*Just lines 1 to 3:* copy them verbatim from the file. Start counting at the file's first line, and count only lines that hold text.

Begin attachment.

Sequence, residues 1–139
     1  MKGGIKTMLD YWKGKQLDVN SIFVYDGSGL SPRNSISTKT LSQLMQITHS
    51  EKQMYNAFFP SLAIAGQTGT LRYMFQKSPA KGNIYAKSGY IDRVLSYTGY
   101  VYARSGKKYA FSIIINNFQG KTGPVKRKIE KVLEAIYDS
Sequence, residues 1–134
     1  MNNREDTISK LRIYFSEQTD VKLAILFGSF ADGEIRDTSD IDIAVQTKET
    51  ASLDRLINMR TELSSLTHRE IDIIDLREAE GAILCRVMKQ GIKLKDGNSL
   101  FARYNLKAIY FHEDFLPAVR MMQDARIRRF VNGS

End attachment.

Sequence, residues 1–139
     1  MKGGIKTMLD YWKGKQLDVN SIFVYDGSGL SPRNSISTKT LSQLMQITHS
    51  EKQMYNAFFP SLAIAGQTGT LRYMFQKSPA KGNIYAKSGY IDRVLSYTGY